Eco-labels can be an incredibly useful tool for purchasers. It isn’t always easy to ascertain if one product is more “green” than another or if its environmental claims are true. Eco-labels can help facilitate the procurement of responsible products because, when credible, they provide an objective authentication of environmental assertions and ensure products meet varying environmental and human health requirements. However, as a March 5 U.S. Government Accountability Office (GAO) report found, sometimes there are imperfections that need to be rectified.
The GAO report, Energy Star Program: Covert Testing Shows the Energy Star Program Certification Process Is Vulnerable to Fraud and Abuse, found several serious flaws in the collaboration between the U.S. Department of Energy (DOE) and the U.S. Environmental Protection Agency (EPA) that provides an eco-label that marks thousands of appliances such as refrigerators, HVAC units, and electronics as energy-efficient. For more details, see this New York Times article.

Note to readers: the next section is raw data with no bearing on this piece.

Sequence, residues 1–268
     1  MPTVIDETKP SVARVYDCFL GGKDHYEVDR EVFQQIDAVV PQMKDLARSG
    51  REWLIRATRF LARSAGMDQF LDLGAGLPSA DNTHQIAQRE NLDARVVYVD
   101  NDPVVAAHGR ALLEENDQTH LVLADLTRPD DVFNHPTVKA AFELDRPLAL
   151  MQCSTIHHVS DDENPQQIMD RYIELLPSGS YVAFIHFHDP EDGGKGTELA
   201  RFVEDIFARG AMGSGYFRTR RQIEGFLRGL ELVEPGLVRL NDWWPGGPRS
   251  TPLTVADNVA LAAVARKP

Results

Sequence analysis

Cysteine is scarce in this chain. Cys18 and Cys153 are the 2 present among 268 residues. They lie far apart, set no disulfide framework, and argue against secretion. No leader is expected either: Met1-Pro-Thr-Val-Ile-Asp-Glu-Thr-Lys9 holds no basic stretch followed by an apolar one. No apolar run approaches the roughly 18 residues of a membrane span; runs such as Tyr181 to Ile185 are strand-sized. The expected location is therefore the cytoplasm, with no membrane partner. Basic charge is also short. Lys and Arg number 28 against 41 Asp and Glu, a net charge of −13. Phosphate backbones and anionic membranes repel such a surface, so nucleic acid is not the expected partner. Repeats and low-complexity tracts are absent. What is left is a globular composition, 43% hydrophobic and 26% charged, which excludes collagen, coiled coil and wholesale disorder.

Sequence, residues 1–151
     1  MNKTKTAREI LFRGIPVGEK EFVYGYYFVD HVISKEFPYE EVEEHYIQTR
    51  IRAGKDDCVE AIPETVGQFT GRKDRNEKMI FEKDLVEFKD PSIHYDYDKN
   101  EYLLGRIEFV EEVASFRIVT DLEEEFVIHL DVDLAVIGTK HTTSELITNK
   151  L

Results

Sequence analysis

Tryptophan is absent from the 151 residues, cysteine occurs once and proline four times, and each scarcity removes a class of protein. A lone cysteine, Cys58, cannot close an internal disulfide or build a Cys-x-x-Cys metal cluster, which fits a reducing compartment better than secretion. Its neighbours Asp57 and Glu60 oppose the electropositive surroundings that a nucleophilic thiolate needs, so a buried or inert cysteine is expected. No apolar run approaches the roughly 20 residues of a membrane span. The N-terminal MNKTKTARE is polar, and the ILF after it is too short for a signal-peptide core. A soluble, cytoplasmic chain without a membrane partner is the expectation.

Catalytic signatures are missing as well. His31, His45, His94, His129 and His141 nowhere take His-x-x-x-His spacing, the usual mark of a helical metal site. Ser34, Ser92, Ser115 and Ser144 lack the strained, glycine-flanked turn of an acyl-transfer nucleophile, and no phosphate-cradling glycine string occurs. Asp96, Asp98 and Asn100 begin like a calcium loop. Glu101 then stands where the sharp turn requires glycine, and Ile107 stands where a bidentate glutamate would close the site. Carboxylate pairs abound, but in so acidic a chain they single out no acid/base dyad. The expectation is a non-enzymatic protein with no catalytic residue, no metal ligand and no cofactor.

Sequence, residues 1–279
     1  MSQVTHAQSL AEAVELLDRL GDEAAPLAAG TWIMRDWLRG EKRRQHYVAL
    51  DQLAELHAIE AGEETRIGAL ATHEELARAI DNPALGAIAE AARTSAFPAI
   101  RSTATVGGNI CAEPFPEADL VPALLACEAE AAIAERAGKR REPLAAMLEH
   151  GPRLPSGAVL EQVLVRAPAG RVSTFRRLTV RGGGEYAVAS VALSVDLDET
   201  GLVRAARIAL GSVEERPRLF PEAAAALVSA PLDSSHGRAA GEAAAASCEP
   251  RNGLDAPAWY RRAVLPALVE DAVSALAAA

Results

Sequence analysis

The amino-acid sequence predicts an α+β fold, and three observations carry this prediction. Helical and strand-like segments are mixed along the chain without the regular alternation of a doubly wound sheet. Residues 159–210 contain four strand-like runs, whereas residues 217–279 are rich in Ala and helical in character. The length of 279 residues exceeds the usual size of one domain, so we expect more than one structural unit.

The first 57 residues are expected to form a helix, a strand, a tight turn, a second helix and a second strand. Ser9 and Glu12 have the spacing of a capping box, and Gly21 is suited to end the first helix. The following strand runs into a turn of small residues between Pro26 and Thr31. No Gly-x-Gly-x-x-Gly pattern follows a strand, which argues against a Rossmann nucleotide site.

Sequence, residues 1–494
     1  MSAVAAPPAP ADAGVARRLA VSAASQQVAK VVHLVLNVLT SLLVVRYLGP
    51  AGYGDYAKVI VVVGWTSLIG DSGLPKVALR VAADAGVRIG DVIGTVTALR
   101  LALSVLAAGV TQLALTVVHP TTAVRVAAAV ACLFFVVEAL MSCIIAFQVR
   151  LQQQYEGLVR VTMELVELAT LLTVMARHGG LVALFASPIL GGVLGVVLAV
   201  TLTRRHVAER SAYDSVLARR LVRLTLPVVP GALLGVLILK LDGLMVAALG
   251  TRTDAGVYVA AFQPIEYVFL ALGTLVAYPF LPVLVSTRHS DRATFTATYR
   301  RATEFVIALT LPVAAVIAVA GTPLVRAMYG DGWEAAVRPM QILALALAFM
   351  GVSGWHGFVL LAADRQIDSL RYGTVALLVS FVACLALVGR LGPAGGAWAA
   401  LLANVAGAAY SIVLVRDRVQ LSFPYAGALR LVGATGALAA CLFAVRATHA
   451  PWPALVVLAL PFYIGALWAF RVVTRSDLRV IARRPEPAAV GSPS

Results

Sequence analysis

Fortunately, Energy Star has taken measures to rectify these problems. EPA and DOE announced new changes to the Energy Star program on April 14 to “bolster the verification, testing, and enforcement aspects of the Energy Star program.” These are welcome changes as Energy Star was the most recognized eco-label in RPN’s 2009 Trends Report, and is widely used to guarantee the energy-efficiency of many products.
To understand these new changes and provide purchasers with the opportunity to ask questions directly to Energy Star staff, RPN has organized a webinar on the topic, Energy Star Takes Your Questions on New Product Certification Changes, which will take place May 6 at 3:00 PM (EDT). The webinar is free for both RPN members and non-members, but registration is required. To register, please click here. We’ll look forward to your participation as RPN continues to provide tools and resources that save money, conserve resources, reduce waste, and improve efficiency.